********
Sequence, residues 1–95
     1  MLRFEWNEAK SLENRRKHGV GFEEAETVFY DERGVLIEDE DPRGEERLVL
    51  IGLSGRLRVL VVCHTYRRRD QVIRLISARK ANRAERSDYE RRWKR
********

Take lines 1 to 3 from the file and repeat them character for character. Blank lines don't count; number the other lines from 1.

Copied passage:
Sequence, residues 1–95
     1  MLRFEWNEAK SLENRRKHGV GFEEAETVFY DERGVLIEDE DPRGEERLVL
    51  IGLSGRLRVL VVCHTYRRRD QVIRLISARK ANRAERSDYE RRWKR